gothlandica and D. dominiakae both belonging in the subgenus Dicryptoscena Enderlein, 1936, where collected in Bästeträsk (Gotland) and Limhamns kalkbrott, (Skåne), respectively. The new species to Sweden are
shortly presented with localities, distribution data and biological notes. From
these species two new subgenera, Prokempia Kieffer, 1913 and Sebessia
Remm, 1979, are reported from Sweden for the first time. The new species
added to the Swedish fauna now sets the known species of the genus from
the country to twenty.
Paper II
Strandberg J & Johanson KA. Barcoding of Swedish biting midges. Manuscript
The second paper is an expansion of the findings presented in paper I and
includes material from other genera acquired through Malaise trap samples
from different localities in Sweden. Of these, 773 individuals were sequenced for the mitochondrial cytochrome oxidase I gene (COI) also known
as the barcode region, and were found to represent 164 morphological species in 19 genera, 5 tribes and 3 subfamilies. Neighbor-joining analysis of
the species recovered 214 barcoding clusters (BINs), of which each cluster
potentially represents a distinct species. The findings indicate that the diversity of biting midges in Sweden is far much larger than what currently is
Paper III
Strandberg J & Johanson KA. Evolutionary relationships among higher taxa
of biting midges (Diptera: Ceratopogonidae) re-evaluated, based on molecular data of five protein-coding genes. Manuscript
Previous hypotheses on the evolutionary history of the earliest lineages within Ceratopogonidae were traditionally based on morphological characters of
adults and juveniles. In this paper phylogenetic analyses are carried out
based on some of the specimens from papers I and II along with specimens
from French Guiana, Madagascar, Vietnam, Canada, Turkey, Costa Rica
representing genera not present in Europe. The data is molecular sequences
of five protein-coding genes, carbamoylphosphate synthetase (CAD), triosephosphate isomerase (TPI), alanyl tRNA synthetase (AATS), phosphogluconate dehydrogenase (PGD) and cytochrome oxidase subunit I (COI). Approximately 100 species representing 32 out of the 111 known extant genera
were included, representing all extant subfamilies and tribes, except
Sphaeromiini s. lat. The result raises questions about the monophyly of
Ceratopogonini, Palpomyiini, Palpomyia, Bezzia and Forcipomyia.
Paper IV
Strandberg J, Bukontaite R & Malm T. Partial degeneration - a solution to
LBA and saturation problems. Manuscript
The fourth paper was written due to issues of analyzing a dataset spanning
over several hierarchical levels and evolutionary age. Degen1 coding has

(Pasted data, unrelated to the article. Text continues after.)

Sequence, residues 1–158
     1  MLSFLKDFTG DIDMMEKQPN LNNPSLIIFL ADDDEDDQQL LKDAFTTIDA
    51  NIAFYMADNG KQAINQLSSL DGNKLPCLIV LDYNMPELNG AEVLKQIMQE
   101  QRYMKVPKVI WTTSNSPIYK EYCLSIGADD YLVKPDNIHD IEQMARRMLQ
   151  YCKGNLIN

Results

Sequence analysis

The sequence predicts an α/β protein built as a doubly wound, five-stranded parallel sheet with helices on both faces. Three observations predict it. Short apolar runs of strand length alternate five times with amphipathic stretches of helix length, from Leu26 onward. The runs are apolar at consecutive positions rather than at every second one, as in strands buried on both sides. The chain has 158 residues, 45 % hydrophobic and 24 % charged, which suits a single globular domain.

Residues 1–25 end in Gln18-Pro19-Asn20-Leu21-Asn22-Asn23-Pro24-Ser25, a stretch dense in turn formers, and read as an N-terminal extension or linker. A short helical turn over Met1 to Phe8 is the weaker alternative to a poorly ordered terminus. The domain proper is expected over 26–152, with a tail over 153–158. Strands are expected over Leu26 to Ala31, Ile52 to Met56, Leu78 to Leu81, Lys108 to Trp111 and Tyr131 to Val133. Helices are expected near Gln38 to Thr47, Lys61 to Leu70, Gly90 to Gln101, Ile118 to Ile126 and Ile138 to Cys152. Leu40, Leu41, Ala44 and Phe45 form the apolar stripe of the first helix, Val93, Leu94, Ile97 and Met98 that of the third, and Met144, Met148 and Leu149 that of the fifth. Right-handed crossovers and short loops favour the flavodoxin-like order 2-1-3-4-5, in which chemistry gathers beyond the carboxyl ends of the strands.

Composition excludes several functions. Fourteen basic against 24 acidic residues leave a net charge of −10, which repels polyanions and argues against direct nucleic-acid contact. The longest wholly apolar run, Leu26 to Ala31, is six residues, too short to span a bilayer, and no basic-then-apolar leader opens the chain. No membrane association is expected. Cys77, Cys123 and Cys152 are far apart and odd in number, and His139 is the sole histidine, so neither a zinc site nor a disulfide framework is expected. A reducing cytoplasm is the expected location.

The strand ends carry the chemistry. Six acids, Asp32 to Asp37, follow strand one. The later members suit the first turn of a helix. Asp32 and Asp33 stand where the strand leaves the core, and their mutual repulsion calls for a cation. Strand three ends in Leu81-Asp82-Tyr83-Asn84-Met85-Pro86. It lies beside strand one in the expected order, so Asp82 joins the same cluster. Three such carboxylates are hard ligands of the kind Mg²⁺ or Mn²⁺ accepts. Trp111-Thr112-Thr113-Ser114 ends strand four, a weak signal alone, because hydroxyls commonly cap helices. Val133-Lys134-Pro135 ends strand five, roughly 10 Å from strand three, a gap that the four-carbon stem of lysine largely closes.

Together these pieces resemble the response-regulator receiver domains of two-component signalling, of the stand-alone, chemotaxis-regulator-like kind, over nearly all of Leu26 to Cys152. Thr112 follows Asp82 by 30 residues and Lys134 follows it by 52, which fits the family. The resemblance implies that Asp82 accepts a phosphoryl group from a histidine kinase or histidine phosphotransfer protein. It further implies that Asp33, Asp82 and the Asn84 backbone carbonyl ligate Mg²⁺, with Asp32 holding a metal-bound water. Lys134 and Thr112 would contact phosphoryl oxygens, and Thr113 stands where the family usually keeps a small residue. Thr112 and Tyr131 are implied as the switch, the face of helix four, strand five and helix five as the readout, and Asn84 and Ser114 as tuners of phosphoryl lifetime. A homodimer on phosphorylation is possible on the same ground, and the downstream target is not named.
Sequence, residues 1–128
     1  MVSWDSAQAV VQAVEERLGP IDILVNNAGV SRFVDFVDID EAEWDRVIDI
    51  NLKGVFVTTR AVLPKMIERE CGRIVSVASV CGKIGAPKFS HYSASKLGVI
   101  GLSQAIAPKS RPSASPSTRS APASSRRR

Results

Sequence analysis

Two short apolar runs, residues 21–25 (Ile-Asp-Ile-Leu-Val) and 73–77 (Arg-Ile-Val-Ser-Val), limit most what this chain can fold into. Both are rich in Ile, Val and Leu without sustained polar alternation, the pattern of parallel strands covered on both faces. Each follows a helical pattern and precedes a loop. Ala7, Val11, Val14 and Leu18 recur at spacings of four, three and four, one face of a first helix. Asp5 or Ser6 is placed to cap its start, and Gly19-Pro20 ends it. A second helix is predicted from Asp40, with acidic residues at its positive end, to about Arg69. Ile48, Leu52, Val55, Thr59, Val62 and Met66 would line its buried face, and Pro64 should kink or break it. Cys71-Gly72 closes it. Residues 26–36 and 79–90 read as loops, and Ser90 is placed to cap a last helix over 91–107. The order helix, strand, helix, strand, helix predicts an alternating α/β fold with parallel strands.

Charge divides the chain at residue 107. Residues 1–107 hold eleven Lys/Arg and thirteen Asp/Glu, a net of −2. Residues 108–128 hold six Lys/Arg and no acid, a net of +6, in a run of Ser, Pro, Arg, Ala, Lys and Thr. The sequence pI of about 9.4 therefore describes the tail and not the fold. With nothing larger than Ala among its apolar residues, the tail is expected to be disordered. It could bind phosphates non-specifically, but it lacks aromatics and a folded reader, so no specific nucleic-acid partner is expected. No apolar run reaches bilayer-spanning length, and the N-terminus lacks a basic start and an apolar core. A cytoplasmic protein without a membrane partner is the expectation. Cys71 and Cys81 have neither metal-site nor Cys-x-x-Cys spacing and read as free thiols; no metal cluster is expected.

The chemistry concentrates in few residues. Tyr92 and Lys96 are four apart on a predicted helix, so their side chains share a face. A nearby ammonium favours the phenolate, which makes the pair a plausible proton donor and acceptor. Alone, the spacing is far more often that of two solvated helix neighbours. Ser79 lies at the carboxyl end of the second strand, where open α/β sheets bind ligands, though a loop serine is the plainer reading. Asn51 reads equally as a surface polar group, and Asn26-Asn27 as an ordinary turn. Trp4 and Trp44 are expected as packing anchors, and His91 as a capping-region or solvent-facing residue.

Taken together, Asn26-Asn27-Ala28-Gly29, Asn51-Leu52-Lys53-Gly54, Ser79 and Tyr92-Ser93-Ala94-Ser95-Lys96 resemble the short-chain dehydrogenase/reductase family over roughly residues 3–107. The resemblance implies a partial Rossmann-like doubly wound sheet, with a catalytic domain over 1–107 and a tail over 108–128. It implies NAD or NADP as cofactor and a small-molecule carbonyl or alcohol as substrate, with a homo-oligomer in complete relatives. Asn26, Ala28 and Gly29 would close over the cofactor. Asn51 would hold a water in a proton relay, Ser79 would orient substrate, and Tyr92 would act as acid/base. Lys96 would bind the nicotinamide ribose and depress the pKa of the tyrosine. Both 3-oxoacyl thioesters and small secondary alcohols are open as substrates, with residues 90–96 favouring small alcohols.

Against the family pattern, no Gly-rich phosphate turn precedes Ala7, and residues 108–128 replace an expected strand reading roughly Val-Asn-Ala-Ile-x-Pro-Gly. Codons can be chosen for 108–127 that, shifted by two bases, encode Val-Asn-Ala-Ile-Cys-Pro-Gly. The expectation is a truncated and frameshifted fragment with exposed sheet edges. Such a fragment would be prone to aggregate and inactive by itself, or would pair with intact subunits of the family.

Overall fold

been implemented on whole data sets in other papers with success. This paper aims to test this approach with a limit to only part of the dataset. Common problems when studying evolutionary relationships are substitution
saturation and compositional heterogeneity that may result in erroneous relationships and long-branch attraction artifacts (LBA). We tested the effectiveness of this method to reducing these problems and how it compares to
another well-used method, being excluding from analysis the fast-evolving
third codon position in protein coding genes. We tested two different datasets, covering both the orders Diptera and Hymenoptera.
Both methods of dataset alternation yielded similar and more likely trees, but
our method of partial degeneration results in higher number of supported
nodes, a higher median support and manages to resolve LBA artifacts in a
data set that is poorly sampled or suffers from substitution saturation or
compositional heterogeneity.
Discussion and further research
Through the included papers the diversity of biting midges is presented with
many new species previously not reported from Sweden. The highest increase of species is found in Dasyhelea, Forcipomyia and Atrichopogon.
Combining the new reports from papers I and II approximately 50 species
has been found that are new to the Swedish fauna. Initially, as this project
started, the number of recorded species in the country was just below one
hundred species, and since 2010 this figure has nearly doubled. Many specimens from paper II are still in the need of determination and some are singleton individuals that most likely are species new to science.
A big obstacle in the process of investigating the fauna is the lack of inclusive determination literature. There are no keys for the Swedish or Nordic
fauna and the keys that do exist for parts of Europe are often only valid for
one genera or a subset of one genus. Creating such tools would be of high
priority when venturing forward in the field of Ceratopogonidae. The other
part of this thesis is about the evolutionary relationships among taxa in the
family. In the thesis the largest molecular analysis of the family is presented
(paper III). Previous attempts to resolve the phylogeny of higher taxa are